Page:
We each have an individual narrative that defines who we are. Your narrative contains how you came to be the person you are and the values, beliefs, and ideals you subscribe to. And when you meet someone new who represents “relationship potential,” that narrative that reflects who you are and what you’re about may change.
Consider: How does your new boyfriend or girlfriend fit into your individual narrative? What is the purpose served by a relationship?
These are questions that most singles who are seeking a significant other rarely consider, but if you’re not thoughtful and intentional about the way you “do dating,” you can fall into some pitfalls that are actually avoidable.
One pitfall that many couples in early-stage-dating experience is spending so much time together that they lose their connection to their friends and family.
It’s as if they have blinders on. Time they used to spend hanging out with friends is now exclusively reserved for couple time. You may not realize your priorities shifted, but your friends probably feel (and maybe resent) your absence. Intimacies you used to share with friends are now unloaded with your new significant other.
If you’re on a quest for love, it helps to find forgiving friends – friends who support your growth and want to see you happy. Most couples who go the distance eventually build some couples-based friendships and strike a balance between socializing as a couple and socializing individually.
Do we each have our own group of friends who closely match or mirror our lifestyles and values?
Or do we have separate groups of friends who don’t interact?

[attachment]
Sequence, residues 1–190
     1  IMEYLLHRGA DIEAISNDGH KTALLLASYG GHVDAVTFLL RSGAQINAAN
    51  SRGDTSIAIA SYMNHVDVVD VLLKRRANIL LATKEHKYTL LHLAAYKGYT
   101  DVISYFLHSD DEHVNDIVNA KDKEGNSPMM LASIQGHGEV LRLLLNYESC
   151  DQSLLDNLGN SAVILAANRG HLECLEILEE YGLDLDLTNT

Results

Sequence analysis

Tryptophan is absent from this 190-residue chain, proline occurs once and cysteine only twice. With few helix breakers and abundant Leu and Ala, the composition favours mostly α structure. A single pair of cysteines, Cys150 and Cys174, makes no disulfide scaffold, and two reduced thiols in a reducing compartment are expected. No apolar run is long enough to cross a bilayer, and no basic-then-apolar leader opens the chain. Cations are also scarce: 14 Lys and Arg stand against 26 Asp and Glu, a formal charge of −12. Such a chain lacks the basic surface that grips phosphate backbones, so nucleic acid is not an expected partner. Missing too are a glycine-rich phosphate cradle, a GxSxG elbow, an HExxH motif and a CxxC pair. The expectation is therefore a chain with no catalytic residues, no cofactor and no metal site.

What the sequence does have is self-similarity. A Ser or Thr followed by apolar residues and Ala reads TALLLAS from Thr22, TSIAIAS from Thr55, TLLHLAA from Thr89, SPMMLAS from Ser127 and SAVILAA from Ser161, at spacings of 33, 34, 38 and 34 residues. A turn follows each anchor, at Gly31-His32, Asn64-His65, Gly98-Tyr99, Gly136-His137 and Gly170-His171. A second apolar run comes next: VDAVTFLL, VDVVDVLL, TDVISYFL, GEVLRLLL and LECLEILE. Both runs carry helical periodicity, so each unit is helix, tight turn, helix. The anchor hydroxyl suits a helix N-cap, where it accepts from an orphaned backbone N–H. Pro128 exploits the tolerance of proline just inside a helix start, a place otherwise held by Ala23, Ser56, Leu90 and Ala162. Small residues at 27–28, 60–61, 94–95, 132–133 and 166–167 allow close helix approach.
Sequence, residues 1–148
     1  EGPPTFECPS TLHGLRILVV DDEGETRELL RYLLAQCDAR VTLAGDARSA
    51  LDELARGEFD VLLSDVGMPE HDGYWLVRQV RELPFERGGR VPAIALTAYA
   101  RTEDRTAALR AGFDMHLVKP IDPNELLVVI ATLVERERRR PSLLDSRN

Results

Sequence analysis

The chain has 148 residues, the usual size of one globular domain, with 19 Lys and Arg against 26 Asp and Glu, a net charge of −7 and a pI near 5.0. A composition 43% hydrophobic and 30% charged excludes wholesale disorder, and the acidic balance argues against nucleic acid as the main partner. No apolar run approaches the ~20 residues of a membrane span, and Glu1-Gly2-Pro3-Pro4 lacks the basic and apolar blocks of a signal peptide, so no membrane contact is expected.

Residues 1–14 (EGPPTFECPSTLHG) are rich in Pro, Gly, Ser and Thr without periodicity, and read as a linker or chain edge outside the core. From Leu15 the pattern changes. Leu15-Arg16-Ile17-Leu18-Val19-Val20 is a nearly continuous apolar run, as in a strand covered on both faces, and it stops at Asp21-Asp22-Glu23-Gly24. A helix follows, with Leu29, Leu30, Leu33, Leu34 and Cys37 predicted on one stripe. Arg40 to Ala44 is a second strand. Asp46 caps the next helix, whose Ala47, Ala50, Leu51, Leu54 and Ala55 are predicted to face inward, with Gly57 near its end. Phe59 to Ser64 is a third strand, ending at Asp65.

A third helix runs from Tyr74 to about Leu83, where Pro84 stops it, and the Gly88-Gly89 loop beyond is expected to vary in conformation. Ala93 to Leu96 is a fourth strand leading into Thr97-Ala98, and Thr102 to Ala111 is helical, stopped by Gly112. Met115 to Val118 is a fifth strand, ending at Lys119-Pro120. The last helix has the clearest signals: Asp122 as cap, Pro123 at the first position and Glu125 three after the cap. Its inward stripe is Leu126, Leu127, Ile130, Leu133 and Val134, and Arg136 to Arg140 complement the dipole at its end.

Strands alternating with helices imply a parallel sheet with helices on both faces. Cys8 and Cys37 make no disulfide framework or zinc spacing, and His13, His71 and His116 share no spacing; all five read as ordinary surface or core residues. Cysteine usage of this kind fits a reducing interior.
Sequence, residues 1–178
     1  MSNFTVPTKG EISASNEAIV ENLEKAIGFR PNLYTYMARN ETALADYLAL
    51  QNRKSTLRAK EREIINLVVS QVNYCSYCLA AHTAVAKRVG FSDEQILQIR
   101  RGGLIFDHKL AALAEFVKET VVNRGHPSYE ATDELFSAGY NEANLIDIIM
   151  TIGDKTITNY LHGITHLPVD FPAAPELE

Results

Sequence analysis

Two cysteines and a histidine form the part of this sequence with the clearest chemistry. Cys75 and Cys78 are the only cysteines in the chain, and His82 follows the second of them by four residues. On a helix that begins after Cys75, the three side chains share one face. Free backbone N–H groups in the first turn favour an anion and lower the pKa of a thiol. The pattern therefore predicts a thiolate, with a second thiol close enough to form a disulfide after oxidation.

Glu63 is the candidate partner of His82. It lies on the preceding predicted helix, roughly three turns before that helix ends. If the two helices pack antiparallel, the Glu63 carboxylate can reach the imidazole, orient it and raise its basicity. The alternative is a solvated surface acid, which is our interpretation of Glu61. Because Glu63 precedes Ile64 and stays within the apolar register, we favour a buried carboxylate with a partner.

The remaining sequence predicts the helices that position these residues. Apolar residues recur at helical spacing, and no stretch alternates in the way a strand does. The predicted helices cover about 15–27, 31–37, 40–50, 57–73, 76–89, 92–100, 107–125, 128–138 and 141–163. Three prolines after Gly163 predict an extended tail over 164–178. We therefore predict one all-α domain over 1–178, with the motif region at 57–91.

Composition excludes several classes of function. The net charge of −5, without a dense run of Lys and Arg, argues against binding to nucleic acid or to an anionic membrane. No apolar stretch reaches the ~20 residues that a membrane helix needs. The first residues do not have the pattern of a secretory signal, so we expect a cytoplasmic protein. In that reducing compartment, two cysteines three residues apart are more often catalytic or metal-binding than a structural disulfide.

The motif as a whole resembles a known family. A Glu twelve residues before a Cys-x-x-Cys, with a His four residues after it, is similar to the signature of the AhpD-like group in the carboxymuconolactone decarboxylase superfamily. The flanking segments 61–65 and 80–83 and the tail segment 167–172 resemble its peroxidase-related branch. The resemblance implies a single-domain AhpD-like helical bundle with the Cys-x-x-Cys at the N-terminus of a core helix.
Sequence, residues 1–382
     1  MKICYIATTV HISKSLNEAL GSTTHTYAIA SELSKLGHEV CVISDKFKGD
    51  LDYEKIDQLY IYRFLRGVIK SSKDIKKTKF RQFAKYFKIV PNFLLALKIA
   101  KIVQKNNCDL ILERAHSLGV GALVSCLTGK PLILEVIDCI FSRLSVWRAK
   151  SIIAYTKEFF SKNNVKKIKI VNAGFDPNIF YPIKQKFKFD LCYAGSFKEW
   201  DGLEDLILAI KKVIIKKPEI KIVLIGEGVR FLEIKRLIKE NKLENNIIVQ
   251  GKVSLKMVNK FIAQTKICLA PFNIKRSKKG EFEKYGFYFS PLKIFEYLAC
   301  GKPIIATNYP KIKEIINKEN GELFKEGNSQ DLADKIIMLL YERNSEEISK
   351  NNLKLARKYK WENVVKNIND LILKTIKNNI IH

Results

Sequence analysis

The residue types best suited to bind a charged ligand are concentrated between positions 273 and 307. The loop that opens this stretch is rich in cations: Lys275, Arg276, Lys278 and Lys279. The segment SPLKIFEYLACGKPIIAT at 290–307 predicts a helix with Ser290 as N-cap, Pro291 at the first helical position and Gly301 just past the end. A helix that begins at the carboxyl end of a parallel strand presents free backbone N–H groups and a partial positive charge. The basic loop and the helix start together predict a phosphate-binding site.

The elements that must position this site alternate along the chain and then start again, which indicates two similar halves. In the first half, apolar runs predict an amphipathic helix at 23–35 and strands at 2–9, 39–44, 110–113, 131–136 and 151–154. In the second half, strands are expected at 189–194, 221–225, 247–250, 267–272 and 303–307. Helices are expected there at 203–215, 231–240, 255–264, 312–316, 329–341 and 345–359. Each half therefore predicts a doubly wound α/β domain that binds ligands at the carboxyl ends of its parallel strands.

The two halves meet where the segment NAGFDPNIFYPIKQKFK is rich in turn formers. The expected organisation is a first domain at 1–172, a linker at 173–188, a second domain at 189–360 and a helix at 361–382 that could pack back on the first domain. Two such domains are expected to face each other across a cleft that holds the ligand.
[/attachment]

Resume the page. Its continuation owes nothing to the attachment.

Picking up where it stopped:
Do we each have a group of friends we can belong to individually?
Can we make couple friends together? If so, what will be the common thread – Work? The neighborhood? A shared love of a particular activity?
It’s important to have friends who are “hers,” “his,” and “ours.” Once you’re settled into the relationship, it’s natural to crave the company of the people you used to run around with before you met “the one” (or, “the one for now!”)
Be careful not to judge each other’s friends – both sets of friends serve a purpose. Not all of your friends will like your new guy or gal and you may not meet with full approval from all of your sweetheart’s friends. That doesn’t necessarily mean these friends should be discarded (assuming they at least show a modicum of respect and restraint.)
It’s tempting to give the relationship full-focus, but you’ll need the support of your old tribe from time to time and as long as you have a clear “this is my life, and this is the lover or partner I choose” policy, you can have friendships that aren’t integrated with the romantic relationship.
Remember, every couple – regardless of age, life stage, or station – needs time together and time apart to maintain a healthy balance in the relationship. Healthy relationships allow for each individual to pursue their own path of self-discovery.
Relationships also are nurtured by the couple spending time both in private or intimate settings and in group settings. It can be tricky to balance all these needs. Don’t be threatened by his or her need for time apart. And if it starts to feel excessive, by all means, talk about it.
Author Susan Winter writes about this beautifully. She says, “Without alone time, we resent the intrusion of others into our lives. Without alone time, we lose our personal power and neglect our unique interests. Without together time, we isolate and contract as human beings.”
If you’re seeking support navigating the challenges of dating or early-stage relationships, I’m here to help. We all crave love and connection and I’ve created an array of programs to meet you where you are in your personal and relationship growth and to resolve the painful problems with compassion and personal power. I invite you to visit www.thedatemaven.com or reach out to me at firstname.lastname@example.org.